Chapter 14 of Jared Diamond’s Guns, Germs and Steel, titled “From Egalitarianism to Kleptocracy,” focuses primarily on the development of political entities as concentrations of humans grew in size. Beginning with “bands” as the initial congregation of usually related individuals, and numbering from five to 80 people, Diamond proceeds to demonstrate how, as “societies” took shape with growing populations (a product of increased capacity to grow food), becoming more complex and heterogeneous they transitioned from bands to “tribes,” “chiefdoms,” “cities,” and, finally, “states.” With each stage, economic systems and governing institutions emerged to address those societies’ needs. Diamond provides a table setting out each of these societies and the characteristics of each in terms of population size and diversity, nature of relationships, and governing institutions, ranging from the chiefs who dominated chiefdoms to larger, more institutionalized governments in the case of cities and states. With that growth, Diamond argues, the nature of society was transformed from an egalitarian one in which each member of a band or tribe functioned as part of a unit, sharing the proceeds of all activities, mainly the accumulation of food, to one of increasingly centralized government with authority to resolve conflicts among members and to distribute wealth. It is at the state level, unsurprisingly, where formal institutions of government like laws and individuals and groups dedicated to their enforcement evolved. It is with the transition away from egalitarian societies, beginning with chiefdoms, characterized by single autocrats or committees of autocrats, that governing structures assume the form of kleptocracies, “transferring net wealth from commoners to upper classes,” as Diamond notes, rather than collecting wealth and redistributing it among the masses.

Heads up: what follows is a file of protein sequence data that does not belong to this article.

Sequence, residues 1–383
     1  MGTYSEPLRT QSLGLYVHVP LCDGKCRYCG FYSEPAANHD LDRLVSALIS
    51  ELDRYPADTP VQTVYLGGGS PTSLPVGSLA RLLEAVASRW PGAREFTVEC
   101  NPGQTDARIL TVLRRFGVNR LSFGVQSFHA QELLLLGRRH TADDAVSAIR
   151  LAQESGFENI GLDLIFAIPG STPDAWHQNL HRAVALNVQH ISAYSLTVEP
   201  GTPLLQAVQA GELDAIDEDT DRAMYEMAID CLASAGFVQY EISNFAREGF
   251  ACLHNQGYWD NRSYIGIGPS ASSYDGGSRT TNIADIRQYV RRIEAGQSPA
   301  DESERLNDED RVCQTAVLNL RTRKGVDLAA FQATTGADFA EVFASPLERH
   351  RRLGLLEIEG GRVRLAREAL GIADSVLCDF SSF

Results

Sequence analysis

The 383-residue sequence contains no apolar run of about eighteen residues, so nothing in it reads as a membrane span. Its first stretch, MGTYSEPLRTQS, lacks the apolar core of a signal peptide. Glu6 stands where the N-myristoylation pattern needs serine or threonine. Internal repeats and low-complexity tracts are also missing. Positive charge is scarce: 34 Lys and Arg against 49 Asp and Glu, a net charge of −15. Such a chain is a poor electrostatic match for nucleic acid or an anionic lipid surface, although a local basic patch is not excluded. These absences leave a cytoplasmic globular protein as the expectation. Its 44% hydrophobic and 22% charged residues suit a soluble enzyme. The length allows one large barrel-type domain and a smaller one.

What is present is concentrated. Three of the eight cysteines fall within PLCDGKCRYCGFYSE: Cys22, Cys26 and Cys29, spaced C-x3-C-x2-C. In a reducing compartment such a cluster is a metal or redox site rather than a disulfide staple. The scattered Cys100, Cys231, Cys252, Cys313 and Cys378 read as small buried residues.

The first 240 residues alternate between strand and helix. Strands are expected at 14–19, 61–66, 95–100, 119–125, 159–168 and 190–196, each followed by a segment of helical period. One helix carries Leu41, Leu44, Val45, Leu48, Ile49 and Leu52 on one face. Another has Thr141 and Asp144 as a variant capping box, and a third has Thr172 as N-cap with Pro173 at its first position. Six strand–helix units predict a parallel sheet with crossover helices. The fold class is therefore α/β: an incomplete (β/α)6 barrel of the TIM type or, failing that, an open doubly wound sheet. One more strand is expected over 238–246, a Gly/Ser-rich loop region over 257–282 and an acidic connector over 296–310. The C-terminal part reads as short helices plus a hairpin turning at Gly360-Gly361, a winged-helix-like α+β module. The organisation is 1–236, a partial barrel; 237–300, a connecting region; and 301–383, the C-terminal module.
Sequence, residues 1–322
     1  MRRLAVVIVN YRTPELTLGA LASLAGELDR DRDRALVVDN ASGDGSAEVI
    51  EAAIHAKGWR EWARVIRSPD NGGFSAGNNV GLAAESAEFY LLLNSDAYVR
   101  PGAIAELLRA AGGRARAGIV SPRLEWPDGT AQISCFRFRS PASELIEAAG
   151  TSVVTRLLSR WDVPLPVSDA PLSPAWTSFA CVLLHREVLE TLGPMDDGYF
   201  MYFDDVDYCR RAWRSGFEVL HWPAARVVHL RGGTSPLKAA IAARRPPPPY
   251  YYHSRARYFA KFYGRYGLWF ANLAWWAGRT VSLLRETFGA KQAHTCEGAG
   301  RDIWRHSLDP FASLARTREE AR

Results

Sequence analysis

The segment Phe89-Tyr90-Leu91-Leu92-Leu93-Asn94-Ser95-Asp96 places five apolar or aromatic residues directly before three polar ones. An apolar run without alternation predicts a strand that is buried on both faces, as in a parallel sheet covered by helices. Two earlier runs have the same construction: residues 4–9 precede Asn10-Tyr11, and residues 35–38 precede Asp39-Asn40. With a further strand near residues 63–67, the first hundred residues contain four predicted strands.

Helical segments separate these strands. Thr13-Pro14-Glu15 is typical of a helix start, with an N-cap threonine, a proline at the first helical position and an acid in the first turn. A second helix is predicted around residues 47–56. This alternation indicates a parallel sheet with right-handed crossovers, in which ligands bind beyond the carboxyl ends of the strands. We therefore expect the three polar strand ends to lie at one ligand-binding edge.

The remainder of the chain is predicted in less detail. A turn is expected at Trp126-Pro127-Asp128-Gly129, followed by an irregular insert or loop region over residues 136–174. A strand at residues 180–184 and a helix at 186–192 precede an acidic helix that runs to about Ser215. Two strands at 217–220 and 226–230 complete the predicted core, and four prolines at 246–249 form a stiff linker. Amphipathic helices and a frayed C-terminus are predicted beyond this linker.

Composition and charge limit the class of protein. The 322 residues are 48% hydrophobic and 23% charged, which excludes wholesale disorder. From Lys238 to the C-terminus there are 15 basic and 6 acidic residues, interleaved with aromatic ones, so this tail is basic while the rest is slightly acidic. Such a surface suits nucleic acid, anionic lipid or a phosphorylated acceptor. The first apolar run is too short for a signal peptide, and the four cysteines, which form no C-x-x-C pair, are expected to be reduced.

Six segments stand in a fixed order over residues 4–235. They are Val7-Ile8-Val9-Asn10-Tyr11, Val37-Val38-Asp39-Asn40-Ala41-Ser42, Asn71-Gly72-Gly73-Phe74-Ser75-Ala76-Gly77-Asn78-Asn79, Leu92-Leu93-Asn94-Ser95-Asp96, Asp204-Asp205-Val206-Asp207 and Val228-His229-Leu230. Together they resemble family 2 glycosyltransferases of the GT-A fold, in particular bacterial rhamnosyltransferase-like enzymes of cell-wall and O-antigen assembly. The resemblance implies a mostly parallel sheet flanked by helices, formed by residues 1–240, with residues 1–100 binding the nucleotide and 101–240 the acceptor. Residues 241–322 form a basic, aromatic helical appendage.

It is in his discussion of kleptocracies where Diamond’s cynicism regarding the integrity of governing institutions, no matter how well intended, becomes apparent. Distinguishing between such venality and what he labels “the wise statesman,” Diamond suggests that this distinction is barely perceptible:
“The difference between a kleptocrat and a wise statesman, between a robber baron and a public benefactor, is merely one of degree: a matter of just how large a percentage of the tribute extracted from producers is retained by the elite, and how much the commoners like the public uses to which the redistributed tribute is put.”
Having established the inherent venality of governing institutions, and noting the disparity between large states like the United States and small ones like Papua New Guinea, where Diamond has devoted much of his time and which is his model of egalitarianism, he begins his transition into the cynical application of religion to justify autocratic policies or, as he put it, “[t]he remaining way for kleptocrats to gain public support is to construct an ideology or religion justifying kleptocracy.” He then devotes the next several paragraphs to expanding upon this indictment of religion as a means to an end before concluding this discussion with a more restrained summation of the political utility of religion, noting that ideologies and religion provide a way to organize and unify disparate peoples behind a common cause while providing a justification for the most violent actions in support of the political entity (i.e., using religion to justify war].
Diamond’s next discussion within this chapter focuses on the state and its monopoly on power and ability to influence the decisions and actions of smaller political entities. As he writes, “part of the reason for states’ triumphs over simpler entities when the two collide is that states usually enjoy an advantage of weaponry and other technology, a large numerical advantage in population.”